There's been a lot in the news recently about greedy bankers demanding huge bonuses. It looks obscene when the very rich vote themselves massive amounts of money and then try and justify it. One question that comes into my mind is "don't they already have enough stuff?". Will they ever get enough? It seems to be a tragedy of our times that we spend so long trying to get rich when actually being rich doesn't ever quite seem to be enough for anybody.
So, why is it never enough? I've recently been reading a book about alcoholism "The Effective Way to Stop Drinking" by Beauchamp Colclough, it's helping to reassure me that in fact, I DON'T have a problem. But it's very interesting to see the way addictions work and how that relates to wealth addiction.
Let's examine a typical path to problem drinking. Most of us when we are young adults start to get involved in social drinking, going out and having a laugh. The alcohol has an uplifting effect on mood and after drinking the user returns to a normal state. Some drinkers can stay in this mode and have no problems, for some however, they start to move into the next stage of heavy drinking, in this phase the drinker starts to need more alcohol to get the same mood enhancements and the after-effects - hangovers - get worse. After drinking the user doesn't return to normal, but goes down a rung to 'not feeling so great' until more booze can bring them back to normal.
This is the start of dependency and from here, without making a great of effort, things just gets worse. In the next phase the user needs alcohol just to bring themselves back up to normal and life becomes a constant struggle to find the next drink. Alcohol becomes the overriding concern in the drinkers life.
OK, so unfortunately, this process is reasonably familiar to many people, how does this relate to money? Well, it works in almost exactly the smae way... Most of us when we are young adults start to earn money, it feels good and elevates our mood, we spend it and after we've spent it, our mood returns to normal. Many people can stay in this state and just enjoy their wages, some though are driven to earn more to get more of the good feelings. They start to spend more to get the uplifting feeling and possibly get into debt, or worse still, become bankers! After spending they find that they feel a little depressed. This is the beginnings of dependency.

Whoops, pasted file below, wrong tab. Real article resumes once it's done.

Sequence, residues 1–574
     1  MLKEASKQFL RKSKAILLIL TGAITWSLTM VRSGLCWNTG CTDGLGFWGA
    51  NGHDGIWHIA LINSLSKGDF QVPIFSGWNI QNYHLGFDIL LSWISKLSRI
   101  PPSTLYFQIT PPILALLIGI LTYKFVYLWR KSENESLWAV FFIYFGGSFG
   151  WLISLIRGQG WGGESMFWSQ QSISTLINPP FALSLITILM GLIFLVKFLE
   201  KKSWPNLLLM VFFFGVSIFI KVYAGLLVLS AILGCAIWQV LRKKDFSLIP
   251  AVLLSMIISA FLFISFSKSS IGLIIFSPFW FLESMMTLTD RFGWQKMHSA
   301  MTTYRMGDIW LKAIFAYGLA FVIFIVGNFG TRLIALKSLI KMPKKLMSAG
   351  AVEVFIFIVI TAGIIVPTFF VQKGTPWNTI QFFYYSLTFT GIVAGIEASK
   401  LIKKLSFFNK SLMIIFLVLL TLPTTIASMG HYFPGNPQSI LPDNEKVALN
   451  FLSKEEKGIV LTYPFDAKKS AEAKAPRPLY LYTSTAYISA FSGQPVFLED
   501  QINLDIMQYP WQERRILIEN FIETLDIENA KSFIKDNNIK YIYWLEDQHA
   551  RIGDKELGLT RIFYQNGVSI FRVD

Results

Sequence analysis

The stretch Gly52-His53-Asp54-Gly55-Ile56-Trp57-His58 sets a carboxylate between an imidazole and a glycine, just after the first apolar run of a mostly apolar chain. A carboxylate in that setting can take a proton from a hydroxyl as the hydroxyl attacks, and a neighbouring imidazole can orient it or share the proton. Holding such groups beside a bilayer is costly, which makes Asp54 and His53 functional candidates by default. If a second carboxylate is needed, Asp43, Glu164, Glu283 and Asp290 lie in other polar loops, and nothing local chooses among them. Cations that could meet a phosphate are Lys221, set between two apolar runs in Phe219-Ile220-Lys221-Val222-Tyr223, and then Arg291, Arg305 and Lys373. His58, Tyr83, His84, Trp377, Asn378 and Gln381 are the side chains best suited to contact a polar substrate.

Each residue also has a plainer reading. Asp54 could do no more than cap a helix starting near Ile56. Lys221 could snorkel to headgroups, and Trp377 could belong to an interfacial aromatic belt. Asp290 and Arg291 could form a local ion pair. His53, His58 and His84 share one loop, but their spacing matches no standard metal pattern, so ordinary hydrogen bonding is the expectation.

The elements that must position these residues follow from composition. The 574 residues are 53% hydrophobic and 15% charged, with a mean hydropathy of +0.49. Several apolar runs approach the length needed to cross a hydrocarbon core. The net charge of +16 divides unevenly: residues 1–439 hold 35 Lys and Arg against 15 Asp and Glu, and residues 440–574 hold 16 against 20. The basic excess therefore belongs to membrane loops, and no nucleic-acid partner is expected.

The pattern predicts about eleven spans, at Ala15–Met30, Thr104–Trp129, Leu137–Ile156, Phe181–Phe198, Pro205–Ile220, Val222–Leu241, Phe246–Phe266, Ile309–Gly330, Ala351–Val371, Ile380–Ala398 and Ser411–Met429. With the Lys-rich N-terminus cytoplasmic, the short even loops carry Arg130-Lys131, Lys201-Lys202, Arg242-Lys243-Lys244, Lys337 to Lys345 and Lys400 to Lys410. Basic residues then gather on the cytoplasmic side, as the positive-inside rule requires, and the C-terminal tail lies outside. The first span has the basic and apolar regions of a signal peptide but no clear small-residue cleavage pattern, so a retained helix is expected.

As the wealth (or debt) and the spending get heavier it takes more money to get the same mood elevations and the post spending spree depressions get worse. As the addict gets richer it takes more money to engender feelings of well-being. Soon, life becomes a struggle to find the next million pound bonus. Money becomes the overriding concern of the addicts life just to keep them swinging from depression to normality.
The two processes are extraordinarily similar. and both routes lead to misery. One key to understanding addiction is that once a person has indulged sufficiently heavily for a sufficient time, the wiring of the brain is physically altered and their condition becomes chronic. The super rich are in this chronic state of their wealth addiction and only ridiculous amounts of wealth will satisfy them, a yacht becomes a 500 foot ocean liner, a private plane is a jewel encrusted 747. It really is as ridiculous as drinking 3 bottles of vodka a day.
For the drinker the misery is plain top see, for the wealth addict it is less clear. The rich seem to have everything, plus they have the freedom to enjoy all the fruits of society, so how can I claim they are miserable addicts? 3 bottles of vodka a day takes a toll on the human frame, but a super yacht doesn't. But the super yacht has a worse effect on more people. Envy, pollution, crowded harbours. How do you get the money for a super yacht - does addiction lead the rich into bad decisions based on fuelling their addiction?
The need for wealth is not leading to a happy world. The more money you have the more you need. If you work your way up the ladder from a one bedroom flat to a 3 bed semi, you don't want to go back to a one bedroom flat, no matter how happy you might have been when you lived there. The new stuff that you have bought becomes normal and becomes the minimum acceptable living standard. It's a one way deal. Are you drinking a single healthy glass of wine a night or heading towards the rocks?
Wealth and power go hand in hand and the wealthy differ from alcoholics in that they can influence politicians and law-makers and user their money to demonstrate how happy they are - or at least how much richer they are. Imagine if alcoholics had the same power and influence as the super rich, I'm sure we would have a more positive image of boozers. Politicians would be snapped sitting on park benches with derelicts...
If you succumb to the addiction, then no amount of money is ever enough. Beauchamp Colclough said "One drink isn't enough and 50 isn't too many"... The richer you are, the more you need. The answer though is simple, get on the 12 step plan, live a balanced healthy life and steer clear of excess and you will still be able to enjoy the odd beer - or buying a new pair of shoes. If anything, rather than villifying the bankers, we should pity them as victims and offer them treatment and their own 12 step programme.